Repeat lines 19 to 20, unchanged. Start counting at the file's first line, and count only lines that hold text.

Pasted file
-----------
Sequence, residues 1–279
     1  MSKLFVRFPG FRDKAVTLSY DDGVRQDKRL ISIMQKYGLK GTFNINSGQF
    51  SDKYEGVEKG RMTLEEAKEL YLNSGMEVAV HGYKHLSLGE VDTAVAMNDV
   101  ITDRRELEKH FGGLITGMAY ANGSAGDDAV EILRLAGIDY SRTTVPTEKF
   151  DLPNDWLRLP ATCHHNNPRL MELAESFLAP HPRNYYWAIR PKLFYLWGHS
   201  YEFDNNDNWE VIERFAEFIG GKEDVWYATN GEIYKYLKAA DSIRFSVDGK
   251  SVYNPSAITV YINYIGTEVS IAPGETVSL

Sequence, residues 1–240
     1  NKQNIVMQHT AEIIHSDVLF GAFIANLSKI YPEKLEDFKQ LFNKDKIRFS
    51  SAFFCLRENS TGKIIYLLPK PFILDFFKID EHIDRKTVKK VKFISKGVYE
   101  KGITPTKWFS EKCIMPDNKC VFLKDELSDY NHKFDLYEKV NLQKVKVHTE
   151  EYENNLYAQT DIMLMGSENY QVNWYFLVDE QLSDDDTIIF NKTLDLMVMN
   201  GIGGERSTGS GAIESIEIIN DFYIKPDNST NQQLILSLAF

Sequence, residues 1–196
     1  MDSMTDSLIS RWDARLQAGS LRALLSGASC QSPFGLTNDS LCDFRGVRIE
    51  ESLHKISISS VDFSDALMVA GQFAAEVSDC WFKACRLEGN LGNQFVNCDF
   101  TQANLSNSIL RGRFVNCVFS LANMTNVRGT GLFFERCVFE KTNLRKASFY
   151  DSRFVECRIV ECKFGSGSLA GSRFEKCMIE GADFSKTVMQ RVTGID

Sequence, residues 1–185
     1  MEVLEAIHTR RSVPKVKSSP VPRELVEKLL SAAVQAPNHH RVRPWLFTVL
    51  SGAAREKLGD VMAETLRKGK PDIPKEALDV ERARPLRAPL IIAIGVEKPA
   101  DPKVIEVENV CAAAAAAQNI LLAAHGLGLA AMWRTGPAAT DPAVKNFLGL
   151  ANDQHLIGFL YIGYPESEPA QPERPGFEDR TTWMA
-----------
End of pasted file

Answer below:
Sequence, residues 1–185
     1  MEVLEAIHTR RSVPKVKSSP VPRELVEKLL SAAVQAPNHH RVRPWLFTVL